1) The classical liberalism born of Locke, Adam Smith and John Stuart Mill, which was the liberalism of the Founders and the 19th century, and which now encompasses Austrian economics, neoclassical microeconomics and rational expectations economic theory, and political libertarianism, in the broad sense more than in the party sense.
2) A moderate conservatism that seeks gradual change and to preserve the essence of the good in traditional institutions, borne of Burke's revulsion at the French Revolution and being now essentially country club Republican ism. The relationship of this with classical liberalism is gradual and curious, consider how the Republican party began as an amalgam of conservative Whigs and anti-slavery radicals who were often classical liberals. and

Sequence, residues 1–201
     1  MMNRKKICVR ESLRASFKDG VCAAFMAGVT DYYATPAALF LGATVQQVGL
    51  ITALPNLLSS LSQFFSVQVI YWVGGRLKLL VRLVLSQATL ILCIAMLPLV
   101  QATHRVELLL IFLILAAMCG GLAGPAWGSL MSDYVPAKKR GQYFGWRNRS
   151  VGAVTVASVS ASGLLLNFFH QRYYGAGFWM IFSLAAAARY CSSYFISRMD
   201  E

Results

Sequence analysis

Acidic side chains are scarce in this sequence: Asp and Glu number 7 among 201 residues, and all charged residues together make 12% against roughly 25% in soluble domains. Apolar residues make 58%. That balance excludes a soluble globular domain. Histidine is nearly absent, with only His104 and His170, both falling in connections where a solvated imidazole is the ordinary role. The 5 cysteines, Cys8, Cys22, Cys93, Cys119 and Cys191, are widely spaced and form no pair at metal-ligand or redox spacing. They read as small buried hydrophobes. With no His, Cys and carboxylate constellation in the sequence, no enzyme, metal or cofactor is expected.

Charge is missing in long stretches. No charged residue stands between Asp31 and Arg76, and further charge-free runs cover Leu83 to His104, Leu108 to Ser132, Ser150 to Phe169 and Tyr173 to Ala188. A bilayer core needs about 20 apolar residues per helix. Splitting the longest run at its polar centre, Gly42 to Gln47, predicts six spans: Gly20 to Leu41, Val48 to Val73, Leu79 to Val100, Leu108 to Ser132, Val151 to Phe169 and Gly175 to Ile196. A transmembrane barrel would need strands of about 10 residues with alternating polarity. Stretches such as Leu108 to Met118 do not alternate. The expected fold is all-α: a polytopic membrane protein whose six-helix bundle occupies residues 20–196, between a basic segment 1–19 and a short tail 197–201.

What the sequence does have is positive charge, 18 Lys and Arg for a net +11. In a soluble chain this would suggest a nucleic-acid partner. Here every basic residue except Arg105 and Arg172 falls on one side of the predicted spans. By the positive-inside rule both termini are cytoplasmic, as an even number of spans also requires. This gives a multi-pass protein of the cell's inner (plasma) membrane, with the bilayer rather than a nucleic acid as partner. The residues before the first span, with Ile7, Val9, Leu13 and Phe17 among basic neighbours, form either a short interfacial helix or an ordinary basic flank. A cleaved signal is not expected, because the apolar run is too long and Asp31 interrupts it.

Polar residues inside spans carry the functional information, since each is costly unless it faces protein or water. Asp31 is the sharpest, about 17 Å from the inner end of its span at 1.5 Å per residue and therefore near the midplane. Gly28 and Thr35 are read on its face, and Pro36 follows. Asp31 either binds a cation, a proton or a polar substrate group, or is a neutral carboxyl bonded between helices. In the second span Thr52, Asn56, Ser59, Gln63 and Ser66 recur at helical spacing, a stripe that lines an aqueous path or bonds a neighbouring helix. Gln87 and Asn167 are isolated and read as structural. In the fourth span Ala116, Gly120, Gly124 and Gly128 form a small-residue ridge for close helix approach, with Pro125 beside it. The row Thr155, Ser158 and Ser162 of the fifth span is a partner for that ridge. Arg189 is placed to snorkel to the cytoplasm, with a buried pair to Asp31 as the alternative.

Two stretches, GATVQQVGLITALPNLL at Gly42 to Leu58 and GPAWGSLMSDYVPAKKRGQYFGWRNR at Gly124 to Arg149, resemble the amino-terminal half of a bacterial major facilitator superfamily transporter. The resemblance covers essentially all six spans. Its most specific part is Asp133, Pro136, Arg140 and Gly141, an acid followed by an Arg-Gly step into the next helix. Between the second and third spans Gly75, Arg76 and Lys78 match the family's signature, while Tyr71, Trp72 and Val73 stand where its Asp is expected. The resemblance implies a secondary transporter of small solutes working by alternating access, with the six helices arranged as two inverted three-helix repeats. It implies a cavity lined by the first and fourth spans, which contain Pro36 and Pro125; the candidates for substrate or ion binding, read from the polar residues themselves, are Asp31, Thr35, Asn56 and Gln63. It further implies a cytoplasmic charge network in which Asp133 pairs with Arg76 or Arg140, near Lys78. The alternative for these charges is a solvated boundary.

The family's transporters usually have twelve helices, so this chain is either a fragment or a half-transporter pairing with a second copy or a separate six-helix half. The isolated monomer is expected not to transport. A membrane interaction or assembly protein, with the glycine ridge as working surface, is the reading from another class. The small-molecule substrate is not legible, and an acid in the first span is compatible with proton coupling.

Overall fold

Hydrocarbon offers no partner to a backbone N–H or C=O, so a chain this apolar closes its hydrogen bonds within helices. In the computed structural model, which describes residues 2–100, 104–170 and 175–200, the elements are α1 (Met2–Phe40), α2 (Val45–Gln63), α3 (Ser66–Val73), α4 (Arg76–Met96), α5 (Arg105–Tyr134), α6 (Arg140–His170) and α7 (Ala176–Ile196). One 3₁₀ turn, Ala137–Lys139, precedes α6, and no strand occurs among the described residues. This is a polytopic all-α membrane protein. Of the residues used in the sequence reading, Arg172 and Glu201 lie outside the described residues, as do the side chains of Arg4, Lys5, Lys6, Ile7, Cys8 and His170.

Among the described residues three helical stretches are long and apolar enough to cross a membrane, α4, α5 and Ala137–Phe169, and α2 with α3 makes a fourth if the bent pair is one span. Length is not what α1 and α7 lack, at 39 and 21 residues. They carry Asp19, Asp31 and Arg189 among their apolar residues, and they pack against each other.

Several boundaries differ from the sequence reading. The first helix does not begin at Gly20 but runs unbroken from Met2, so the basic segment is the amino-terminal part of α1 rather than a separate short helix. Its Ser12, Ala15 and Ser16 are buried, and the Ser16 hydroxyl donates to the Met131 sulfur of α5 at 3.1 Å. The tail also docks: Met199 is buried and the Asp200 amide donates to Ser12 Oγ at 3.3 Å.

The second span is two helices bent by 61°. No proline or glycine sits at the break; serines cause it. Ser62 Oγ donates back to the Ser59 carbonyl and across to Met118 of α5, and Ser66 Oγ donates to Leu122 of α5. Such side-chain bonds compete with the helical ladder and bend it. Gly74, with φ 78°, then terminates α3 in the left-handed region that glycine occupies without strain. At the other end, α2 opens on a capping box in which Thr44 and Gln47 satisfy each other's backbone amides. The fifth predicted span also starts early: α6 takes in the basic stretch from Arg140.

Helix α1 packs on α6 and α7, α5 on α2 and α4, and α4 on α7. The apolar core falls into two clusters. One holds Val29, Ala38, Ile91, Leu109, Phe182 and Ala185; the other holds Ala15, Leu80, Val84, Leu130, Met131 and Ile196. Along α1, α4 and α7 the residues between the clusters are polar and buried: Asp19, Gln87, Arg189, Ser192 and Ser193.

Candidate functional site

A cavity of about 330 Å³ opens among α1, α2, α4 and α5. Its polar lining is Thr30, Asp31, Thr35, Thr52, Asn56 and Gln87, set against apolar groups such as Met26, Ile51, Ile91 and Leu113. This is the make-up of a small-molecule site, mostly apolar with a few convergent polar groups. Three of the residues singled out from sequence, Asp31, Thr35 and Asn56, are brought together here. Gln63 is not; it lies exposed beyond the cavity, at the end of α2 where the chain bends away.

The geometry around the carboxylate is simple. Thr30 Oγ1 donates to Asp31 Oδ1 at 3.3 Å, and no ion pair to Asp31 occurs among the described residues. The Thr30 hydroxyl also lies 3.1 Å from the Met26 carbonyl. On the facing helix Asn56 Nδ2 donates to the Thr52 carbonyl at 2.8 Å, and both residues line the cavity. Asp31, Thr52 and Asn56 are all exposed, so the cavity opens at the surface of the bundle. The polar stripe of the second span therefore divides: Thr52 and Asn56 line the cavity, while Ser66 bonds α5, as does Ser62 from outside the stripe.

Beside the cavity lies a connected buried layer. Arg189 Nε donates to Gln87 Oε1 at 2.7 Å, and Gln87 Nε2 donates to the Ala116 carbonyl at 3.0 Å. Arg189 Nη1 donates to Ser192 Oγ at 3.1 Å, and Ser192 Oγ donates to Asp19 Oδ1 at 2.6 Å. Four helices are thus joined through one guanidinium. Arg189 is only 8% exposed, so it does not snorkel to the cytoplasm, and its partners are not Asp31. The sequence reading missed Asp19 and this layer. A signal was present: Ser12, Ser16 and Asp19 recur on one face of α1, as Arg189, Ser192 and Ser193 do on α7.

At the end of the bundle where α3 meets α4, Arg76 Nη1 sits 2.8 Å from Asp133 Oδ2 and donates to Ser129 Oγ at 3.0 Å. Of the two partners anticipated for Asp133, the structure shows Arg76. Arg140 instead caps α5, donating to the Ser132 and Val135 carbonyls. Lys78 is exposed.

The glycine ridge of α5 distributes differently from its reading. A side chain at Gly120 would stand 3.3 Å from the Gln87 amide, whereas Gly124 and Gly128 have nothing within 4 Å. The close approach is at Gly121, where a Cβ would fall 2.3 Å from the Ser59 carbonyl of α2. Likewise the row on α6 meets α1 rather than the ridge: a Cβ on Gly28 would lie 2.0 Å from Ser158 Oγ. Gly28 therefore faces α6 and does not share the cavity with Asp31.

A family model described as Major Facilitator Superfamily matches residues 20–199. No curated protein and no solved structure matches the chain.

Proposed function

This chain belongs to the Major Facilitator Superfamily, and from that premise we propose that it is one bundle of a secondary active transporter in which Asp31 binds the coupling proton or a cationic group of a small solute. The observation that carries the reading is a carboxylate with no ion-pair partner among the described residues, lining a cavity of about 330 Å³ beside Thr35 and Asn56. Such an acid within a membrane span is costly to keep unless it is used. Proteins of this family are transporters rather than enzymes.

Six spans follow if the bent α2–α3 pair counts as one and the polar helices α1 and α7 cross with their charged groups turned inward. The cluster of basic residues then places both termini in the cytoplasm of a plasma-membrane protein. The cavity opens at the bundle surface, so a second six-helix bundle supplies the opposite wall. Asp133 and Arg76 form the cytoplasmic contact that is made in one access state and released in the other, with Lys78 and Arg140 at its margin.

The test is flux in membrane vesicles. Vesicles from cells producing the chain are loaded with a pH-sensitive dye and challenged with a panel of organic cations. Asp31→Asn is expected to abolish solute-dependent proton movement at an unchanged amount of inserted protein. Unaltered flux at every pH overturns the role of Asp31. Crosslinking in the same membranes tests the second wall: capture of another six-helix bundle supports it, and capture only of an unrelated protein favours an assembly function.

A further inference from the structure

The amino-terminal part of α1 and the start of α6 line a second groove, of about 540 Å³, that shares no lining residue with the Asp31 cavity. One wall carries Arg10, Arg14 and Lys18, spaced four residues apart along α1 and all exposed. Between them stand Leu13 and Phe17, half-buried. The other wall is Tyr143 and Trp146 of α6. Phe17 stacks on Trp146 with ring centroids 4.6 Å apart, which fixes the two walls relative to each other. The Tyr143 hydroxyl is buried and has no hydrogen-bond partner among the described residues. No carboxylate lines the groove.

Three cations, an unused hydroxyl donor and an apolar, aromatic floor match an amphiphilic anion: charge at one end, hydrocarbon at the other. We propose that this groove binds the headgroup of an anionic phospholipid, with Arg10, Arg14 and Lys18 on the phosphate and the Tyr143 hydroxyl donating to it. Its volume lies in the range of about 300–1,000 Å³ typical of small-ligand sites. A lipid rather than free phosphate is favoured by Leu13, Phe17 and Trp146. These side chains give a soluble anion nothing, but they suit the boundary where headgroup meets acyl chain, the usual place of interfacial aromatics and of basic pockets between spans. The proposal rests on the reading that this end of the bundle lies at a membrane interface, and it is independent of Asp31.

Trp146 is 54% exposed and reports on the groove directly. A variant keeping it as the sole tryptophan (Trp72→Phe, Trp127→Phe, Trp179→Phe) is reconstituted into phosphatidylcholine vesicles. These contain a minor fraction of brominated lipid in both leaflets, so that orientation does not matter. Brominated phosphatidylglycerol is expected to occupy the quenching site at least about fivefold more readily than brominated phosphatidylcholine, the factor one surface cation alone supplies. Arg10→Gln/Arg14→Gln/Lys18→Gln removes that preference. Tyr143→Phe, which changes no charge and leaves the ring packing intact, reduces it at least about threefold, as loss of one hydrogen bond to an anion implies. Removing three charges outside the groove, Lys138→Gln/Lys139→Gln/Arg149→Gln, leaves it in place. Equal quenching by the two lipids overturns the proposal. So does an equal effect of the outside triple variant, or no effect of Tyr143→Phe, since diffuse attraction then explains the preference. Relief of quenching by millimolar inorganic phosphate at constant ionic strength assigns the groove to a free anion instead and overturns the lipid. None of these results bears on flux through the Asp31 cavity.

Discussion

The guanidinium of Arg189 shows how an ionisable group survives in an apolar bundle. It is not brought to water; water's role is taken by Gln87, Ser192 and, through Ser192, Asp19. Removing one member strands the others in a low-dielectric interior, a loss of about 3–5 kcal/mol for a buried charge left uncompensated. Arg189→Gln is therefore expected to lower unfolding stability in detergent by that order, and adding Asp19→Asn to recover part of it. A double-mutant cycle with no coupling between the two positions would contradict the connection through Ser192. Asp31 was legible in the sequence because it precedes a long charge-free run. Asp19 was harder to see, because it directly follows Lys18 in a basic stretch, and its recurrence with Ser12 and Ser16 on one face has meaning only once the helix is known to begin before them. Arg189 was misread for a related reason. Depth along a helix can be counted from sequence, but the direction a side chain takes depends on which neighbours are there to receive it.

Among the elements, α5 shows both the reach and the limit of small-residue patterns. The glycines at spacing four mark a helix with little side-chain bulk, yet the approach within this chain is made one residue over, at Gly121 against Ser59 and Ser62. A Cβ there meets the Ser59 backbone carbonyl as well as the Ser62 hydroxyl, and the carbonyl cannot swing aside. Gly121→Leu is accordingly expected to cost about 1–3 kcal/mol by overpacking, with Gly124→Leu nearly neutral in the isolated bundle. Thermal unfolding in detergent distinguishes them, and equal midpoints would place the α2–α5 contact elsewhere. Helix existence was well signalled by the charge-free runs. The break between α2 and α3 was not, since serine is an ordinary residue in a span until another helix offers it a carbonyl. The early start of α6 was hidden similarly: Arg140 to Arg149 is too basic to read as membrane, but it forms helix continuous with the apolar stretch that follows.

3) Authoritarin conservatism, that of the high Tory or Ultramontagne Continental Conservative. Whether it glorifies the state in monarchal or religious terms, it still views the individual as subordinate to the state. It lacks being totalitarian only because of its traditionalism grounding in morality (in most places) and the sense of reciprocal obligation of all in society in the Great Chain of Being whereby each had is place.
The Paelos are authoritarian conservatives for the most part, but who rarely have the historical or philosophical training to understand the implications of their views.
Huh? There's always LaRouche.
I thought he went to prison or Europe or something.